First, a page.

There was no mistaking when the Browns heard it, even if the men, with their hearing battered by the years of saw-roar, could not. The children, though they would already have been listening intently, would become even more stilled. Whereas in the beginning each of them had been listening to the sawblade as an individual, there was some unnameable point where they were suddenly listening to it as one, the three of them focused on something no one could see, and which few, if any, could hear, though which many of the men could now sense.

They might as well have been striving to hear a deity. The way the deity seemed not to be there—in a room, in a building, in a grove of woods—and then the way it
there; not instantaneously, but completely.

There in the clearing, when they heard the higher harmony, the secret pitch and pulse of the round blade having achieved its perfect temper, the children's faces would soften; as if, even though they were children, they had nonetheless been carrying around burdens and tensions, had already absorbed them from the lives of those who surrounded them.

Some days it might be Jim Ed who first heard the sawblade's release, and other days, Bonnie or Maxine would hear it before the others. But always, once the ringing started, it would be only a second or two before they all three heard it, so that they each became entranced simultaneously.

Sometimes the children would not hear the sound. Despite the best and most practiced efforts of the saw sharpener, the tempered pitch would not yet be achieved, and the round table's motor would have to be shut off, and the files brought back out, and the blade addressed yet again. And here, too, the children were useful, for they could indicate to the saw sharpener an approximation of how far off-temper the sound had been.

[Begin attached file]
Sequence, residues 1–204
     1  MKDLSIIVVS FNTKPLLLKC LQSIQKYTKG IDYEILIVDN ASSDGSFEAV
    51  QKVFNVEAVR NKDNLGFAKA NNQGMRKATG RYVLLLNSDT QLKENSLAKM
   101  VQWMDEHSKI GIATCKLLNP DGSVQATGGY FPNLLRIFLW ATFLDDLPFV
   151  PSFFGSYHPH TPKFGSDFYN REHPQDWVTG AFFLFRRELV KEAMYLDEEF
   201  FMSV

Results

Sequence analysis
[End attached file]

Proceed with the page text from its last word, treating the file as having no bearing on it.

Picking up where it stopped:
The eyes of the men watching them, awaiting the verdict. The three children already standing in a line, as if on a stage.

After the children finally detected the harmony, the spinning blade on the round table would slow to a stop. The relaxation on the children's faces would fade, vanishing with the sound itself, and the children would rise and return to the shadier, cooler forest to resume their duties of being children, unseen by and unknown to the world. Playing their guitars. Singing a little. Pretending they were famous.

The men remained behind, attached to the machines. With the blades adjusted, the machines would start back up, coughing and blatting slowly at first, burning either too much oil, through heat- and grit-worn pistons, or not enough, with dust-soaked filters starving the motors. The men would tinker with the engines, adjusting throttles, until the deafening race of the engines was saturating the small clearing and spreading into the damaged forest, shaking the ground with the throbbing, and the howl of the timber being planed to foursquare beams, slabs of lumber falling away in bouncing clatter as the men resumed their attempts at making a living. Shouting at each other to be heard over the roar of the sawmill, but unable to make themselves be heard. Shaking their heads and resorting to crude gestures and, when those failed, shaking their heads further in frustration and waving off even the attempts at communication.
Forget it.
Heads down, back to the focus on work. The bright leaves of the lumber falling away from the blade like sheafs of hay being cleaved. A fountain of sawdust pluming from the sawblade, whirring gold dust in the sun.